How do you learn these things? By attending meetings and getting into the information flows that are addressing these issues. Once you start doing that, often it becomes obvious how customer advocates can help. That’s what BMC’s Kim Ellis did when her new CMO was focused on rebranding the firm. At first, she had no idea how her advocates might help with that effort. But at the branding team’s meetings, she quickly found out.
Whenever the CMO and his team raised a specific question about the firm’s current image in the marketplace, Kim would immediately poll her customer advocates and send the results to him. There was no waiting to form focus groups or to commission an expensive study. Kim could show him, “Here’s what our leading customers think.” He loved it.
At a particularly critical point, the CMO and his team were working on renaming a familiar product—a high-pressure challenge. After much discussion, they narrowed the various choices down to two but were unable to pick one. Kim worked her magic with her advocates. Using gamification “challenges” from her customer advocacy platform, she got an incredible 50% response rate—within 24 hours. The advocates came down decisively, by 80% to 20%, in favor of one of the options. The CMO not only loved it (and went with their choice), he also announced that he wanted Kim’s advocacy program participating in every important branding decision going forward. She became, in other words, indispensable to him.
Suppose, however, that even after getting into the details of your C-suite’s top priority, it’s still not obvious how you might address it?
With a Little Help From Your Peers
Wherever the gap or potential gap is in your firm’s Customer Journey, you may wonder how your customer advocates can help address it. But fear not: Wherever that gap is, and why, it’s virtually certain that your peers running advocacy and engagement programs at other firms are successfully addressing it. And learning how they do so—by familiarizing yourself with peer case studies—will show you how to fill these gaps yourself.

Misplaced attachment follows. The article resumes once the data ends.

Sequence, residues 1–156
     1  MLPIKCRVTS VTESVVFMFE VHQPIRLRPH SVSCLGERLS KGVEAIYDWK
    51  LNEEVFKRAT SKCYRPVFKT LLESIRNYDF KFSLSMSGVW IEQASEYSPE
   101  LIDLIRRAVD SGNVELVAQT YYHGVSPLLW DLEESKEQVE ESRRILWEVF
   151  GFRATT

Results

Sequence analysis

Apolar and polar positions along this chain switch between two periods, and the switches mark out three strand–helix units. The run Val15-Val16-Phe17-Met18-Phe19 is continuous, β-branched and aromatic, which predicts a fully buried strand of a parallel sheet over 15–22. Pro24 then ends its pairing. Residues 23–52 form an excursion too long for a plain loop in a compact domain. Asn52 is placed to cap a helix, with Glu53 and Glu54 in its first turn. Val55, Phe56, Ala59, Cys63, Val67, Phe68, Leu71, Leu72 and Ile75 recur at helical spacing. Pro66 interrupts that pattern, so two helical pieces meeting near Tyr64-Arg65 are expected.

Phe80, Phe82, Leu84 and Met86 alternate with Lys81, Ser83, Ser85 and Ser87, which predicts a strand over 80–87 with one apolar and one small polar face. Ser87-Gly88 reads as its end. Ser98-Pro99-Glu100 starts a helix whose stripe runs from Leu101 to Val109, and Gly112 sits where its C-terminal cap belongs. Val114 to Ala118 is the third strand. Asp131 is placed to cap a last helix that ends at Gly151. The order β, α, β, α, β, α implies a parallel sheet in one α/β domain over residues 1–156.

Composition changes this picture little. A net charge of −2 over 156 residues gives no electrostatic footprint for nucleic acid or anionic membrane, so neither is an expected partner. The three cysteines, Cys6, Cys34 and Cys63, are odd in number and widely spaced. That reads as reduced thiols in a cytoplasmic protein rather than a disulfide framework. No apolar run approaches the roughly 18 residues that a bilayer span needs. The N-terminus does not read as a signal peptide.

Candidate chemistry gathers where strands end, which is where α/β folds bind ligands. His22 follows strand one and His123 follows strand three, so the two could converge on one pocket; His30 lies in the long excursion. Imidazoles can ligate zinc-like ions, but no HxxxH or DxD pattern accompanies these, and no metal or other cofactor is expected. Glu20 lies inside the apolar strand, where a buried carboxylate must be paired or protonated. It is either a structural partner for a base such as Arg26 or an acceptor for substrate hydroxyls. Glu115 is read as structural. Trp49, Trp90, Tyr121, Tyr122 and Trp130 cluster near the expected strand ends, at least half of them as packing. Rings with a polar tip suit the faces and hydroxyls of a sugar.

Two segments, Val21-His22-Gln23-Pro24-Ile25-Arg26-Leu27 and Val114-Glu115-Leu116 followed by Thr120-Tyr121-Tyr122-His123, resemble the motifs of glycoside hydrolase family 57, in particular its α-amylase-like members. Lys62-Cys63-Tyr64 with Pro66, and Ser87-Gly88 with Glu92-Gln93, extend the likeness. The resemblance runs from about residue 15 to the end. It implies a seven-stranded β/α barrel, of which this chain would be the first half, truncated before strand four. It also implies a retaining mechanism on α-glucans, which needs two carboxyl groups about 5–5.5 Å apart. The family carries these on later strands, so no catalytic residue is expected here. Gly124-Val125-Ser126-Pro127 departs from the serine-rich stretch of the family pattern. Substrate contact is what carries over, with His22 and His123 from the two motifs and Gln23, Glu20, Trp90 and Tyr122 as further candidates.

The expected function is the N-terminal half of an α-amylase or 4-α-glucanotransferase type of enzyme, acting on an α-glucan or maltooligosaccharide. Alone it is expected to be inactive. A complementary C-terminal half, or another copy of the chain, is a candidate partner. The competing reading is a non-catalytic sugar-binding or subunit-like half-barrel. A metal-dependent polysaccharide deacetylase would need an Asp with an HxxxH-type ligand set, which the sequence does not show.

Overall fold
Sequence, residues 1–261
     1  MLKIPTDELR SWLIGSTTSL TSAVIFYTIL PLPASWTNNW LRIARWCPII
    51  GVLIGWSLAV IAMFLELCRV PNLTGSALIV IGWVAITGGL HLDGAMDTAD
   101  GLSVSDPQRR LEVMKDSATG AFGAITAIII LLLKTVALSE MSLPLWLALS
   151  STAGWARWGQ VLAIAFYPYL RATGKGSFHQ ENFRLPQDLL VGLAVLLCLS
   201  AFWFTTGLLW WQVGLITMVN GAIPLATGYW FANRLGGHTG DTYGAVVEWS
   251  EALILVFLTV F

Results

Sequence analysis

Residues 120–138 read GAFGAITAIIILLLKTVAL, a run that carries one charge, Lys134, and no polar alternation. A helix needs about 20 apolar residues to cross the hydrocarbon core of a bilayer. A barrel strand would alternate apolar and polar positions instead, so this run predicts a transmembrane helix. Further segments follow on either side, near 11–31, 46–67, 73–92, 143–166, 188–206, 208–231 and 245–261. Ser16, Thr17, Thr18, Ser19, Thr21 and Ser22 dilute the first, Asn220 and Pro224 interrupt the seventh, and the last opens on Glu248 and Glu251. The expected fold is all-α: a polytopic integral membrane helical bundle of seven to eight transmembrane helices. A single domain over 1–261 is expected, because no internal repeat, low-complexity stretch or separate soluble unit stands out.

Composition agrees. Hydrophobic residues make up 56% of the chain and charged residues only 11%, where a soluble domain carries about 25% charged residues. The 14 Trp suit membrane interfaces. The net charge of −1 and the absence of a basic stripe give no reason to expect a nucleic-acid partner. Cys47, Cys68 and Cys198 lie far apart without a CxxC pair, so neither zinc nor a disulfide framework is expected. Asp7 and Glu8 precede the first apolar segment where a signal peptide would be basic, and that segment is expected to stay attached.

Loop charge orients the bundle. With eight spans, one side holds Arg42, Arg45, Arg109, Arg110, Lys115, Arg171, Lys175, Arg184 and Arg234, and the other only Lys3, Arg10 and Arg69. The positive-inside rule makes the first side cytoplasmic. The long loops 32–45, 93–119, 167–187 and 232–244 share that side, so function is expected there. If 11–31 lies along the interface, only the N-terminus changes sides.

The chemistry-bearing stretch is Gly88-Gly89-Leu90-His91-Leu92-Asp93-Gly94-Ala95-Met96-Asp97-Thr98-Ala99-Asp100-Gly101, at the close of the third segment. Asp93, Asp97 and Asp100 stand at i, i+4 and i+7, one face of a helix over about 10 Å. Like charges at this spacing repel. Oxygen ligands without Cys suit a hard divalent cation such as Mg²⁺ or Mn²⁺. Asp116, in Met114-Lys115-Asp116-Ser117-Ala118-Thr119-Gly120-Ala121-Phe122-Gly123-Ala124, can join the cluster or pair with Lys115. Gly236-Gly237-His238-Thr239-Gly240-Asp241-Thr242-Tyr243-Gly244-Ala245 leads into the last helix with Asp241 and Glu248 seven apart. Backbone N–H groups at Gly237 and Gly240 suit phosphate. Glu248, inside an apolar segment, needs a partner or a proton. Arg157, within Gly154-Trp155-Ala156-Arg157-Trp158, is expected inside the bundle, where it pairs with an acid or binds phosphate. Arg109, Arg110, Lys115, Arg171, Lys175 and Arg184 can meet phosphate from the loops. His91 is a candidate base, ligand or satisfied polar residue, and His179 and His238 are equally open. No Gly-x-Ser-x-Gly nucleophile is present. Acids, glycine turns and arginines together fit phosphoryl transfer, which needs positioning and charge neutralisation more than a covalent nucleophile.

Because if they’re doing it, you can too. Here’s a graphic showing how just a few customer advocacy initiatives, from a handful of leading firms, are having significant impacts on bridging major gaps in their firms’ Customer Journeys.
Customer Advocates are Bridging All the Potential Gaps in the Customer Journey
For example, LinkedIn was concerned about losing customers during the early deployment stages of its Sales Navigator solution. It’s now using customer advocates who are more advanced in their deployments in case studies for inexperienced new users—rather than purely for pre-sales marketing purposes—and is in the process of building a customer mentoring program. Misys is doing the same with its visionary Misys Connect program.
SAS Canada’s legendary Customer Champions played a central role in restoring the firm’s declining customer retention rates by helping to organize local events in some 20 cities, lining up speakers and speaking themselves, participating in webinars and contributing to a newsletter. The entire effort was supported, part time, by a three-person team at headquarters, resulting in full restoration of the firm’s retention rates.
To learn many more examples, see our Advanced Practices in Customer Advocacy and Engagement (Center for Customer Engagement, 2017) or book, The Hidden Wealth of Customers (Harvard Business Press, 2012).
 And by the way, if this sounds like you’re taking on more work—something you’re not inclined to do because you’re already overworked—you might ask yourself: What are you working on now that’s more important than helping your C-suite solve their top priorities?